Hangin' up the mike

SCOTT FISHER, SUN MEDIA

, Last Updated: 7:35 AM ET

CALGARY -- Joe Carbury won't be following in the footsteps of Brett Favre.

The future Hall of Fame quarterback's retirement lasted a couple of months.

Carbury, the legendary Rangeland Derby track announcer, said when he leaves the booth after the final race tonight, it'll be for the last time.

"Who started this rumour that I'm retiring?" Carbury said with a deep laugh. "No, this is it. The final chapter, the finish line is there.

"The curtain comes down."

Carbury has called the chuckwagon races at Stampede Park for 45 years, but will call it a career following tonight's $100,000 finale.

He said it'll be strange to watch the races from anyplace other than his perch in the eye in the sky.

"I'll certainly be down to watch the final every year," he said. "Someone asked me how I'm going to feel when they're getting ready to start a race and I'm sitting in the stands.

"I said if I'm sitting in the stands and I hear that Klaxxon horn sound, I'm liable to jump up and yell 'And they'rrrree offfff!'

"It would scare the hell out of everybody."

PRETTY DECENT

The start wasn't pretty.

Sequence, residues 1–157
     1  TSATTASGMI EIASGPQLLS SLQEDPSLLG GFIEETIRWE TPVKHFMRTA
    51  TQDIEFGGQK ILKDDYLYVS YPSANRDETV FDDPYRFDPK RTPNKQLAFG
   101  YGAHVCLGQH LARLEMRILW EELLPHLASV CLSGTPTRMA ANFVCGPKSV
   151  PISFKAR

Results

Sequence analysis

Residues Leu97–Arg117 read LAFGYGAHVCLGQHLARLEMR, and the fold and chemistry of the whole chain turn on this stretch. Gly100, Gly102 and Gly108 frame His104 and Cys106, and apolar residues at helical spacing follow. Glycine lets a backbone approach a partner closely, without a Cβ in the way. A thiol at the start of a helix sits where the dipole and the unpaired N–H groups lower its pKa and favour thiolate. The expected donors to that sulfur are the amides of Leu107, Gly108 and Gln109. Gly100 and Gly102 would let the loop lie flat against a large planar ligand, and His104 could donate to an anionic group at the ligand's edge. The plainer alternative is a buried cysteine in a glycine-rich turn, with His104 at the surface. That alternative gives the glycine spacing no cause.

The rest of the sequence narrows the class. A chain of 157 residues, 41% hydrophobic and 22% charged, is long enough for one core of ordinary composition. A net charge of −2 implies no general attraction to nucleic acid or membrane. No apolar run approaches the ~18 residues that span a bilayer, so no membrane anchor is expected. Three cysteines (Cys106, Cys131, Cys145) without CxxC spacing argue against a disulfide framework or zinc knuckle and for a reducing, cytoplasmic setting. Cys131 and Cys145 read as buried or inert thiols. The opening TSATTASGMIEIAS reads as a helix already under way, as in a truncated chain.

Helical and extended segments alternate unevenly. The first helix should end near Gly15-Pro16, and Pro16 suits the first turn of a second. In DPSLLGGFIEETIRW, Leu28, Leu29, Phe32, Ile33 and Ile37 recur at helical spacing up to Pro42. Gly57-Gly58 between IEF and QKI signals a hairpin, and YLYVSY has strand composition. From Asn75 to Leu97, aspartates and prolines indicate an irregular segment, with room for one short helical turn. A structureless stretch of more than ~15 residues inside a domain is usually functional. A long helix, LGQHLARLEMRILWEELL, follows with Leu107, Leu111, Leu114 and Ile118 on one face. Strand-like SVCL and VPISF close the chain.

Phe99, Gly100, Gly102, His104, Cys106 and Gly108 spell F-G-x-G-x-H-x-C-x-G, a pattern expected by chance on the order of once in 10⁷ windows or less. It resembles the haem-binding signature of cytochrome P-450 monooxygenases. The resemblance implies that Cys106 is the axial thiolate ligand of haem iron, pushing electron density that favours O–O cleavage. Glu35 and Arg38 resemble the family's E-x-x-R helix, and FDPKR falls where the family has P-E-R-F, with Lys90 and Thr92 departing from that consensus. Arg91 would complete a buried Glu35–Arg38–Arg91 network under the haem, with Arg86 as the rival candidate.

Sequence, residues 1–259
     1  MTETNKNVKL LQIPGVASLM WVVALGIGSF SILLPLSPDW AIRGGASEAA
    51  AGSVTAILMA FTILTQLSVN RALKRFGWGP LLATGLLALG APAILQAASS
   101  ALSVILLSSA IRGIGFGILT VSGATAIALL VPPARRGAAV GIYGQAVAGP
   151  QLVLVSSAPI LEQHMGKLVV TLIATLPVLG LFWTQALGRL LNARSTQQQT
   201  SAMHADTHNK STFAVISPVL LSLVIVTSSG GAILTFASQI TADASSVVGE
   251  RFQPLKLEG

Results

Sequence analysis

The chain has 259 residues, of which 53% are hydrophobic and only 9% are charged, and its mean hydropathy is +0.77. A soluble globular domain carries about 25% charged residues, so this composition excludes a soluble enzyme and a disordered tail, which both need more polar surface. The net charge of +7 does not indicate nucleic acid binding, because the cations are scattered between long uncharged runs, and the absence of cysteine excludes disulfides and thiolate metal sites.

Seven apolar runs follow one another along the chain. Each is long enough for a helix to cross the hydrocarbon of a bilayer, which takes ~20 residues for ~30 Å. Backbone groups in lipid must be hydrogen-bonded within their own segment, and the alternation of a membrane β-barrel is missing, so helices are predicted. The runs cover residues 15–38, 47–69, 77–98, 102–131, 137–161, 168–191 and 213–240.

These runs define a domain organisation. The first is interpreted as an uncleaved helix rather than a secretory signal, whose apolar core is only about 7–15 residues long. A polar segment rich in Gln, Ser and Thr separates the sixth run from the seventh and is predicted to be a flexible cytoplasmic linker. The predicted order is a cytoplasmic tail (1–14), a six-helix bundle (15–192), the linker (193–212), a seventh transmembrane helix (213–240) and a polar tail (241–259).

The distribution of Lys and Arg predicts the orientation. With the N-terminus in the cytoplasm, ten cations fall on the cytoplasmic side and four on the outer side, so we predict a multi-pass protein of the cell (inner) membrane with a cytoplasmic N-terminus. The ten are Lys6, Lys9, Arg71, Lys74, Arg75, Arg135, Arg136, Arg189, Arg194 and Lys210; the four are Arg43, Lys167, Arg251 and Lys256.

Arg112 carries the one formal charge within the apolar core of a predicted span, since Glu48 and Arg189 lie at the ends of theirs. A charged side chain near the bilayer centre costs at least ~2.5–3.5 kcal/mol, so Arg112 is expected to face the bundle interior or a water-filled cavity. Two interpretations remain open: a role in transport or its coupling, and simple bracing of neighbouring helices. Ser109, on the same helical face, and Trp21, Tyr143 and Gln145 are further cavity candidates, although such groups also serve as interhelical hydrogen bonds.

Neither was the finish.

But everything in between sure was - and so was the score Marwayne's Denton Edge picked up yesterday to snag one of two wildcard entries into today's Round of 10.

Edge stuck out a helicopter ride aboard Black Tail Switch, a yellow beast weighing in at 1,400 lb., to earn an 88.

That score was only bested by J.B. Mauney's 90 on Slim Jim to close out the show.

Mauney, though, didn't have his bull land on him after his ride. Edge was lucky he didn't feel the full weight of Black Tail Switch when the two hit the infield turf together.

"I was a little bit behind him. I had to do some pumping over my head to get around there and get back with him," said Edge of the ride that put another $5,000 in his pocket. "Felt like I made a good ride and I went to get off, kinda hung a spur in my rope or something, and the bull fell on me. I didn't know what the heck was going on for a minute."

BROTHERS ACT

Living in big brother Cody's shadow used to be frustrating, but Heith DeMoss is casting a long dark figure of his own in his first go at the Calgary Stampede.

The Crowville, La., rider will join his elder sibling in today's saddle bronc showdown after an 84 aboard Gross Beetle, a local mare that weighs in at 1,100 lb.

"We'll battle it out there. It's a little brotherly feud," Heith said shortly after his ride.

Feud might be too strong a word. Cody, who won the $100,000 prize at last year's Stampede, was right there in the chutes getting his little brother set.

"He's excited," admitted Heith. "He was over there helping me."


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